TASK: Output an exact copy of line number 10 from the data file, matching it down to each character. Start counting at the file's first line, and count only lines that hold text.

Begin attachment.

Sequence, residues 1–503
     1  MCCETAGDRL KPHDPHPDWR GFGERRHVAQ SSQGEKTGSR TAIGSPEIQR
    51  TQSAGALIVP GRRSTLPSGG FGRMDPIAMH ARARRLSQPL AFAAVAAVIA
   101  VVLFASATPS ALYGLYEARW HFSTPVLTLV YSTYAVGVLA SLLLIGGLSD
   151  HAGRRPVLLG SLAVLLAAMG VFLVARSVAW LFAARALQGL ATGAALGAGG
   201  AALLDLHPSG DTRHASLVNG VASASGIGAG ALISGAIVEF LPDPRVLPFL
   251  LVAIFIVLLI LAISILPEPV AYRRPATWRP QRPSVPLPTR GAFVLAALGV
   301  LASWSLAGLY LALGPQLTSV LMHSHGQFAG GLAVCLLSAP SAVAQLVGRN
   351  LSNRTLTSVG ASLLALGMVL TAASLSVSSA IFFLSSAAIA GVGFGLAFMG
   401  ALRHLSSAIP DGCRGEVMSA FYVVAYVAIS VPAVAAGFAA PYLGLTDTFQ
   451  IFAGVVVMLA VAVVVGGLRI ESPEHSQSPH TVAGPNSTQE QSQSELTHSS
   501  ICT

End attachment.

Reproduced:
   401  ALRHLSSAIP DGCRGEVMSA FYVVAYVAIS VPAVAAGFAA PYLGLTDTFQ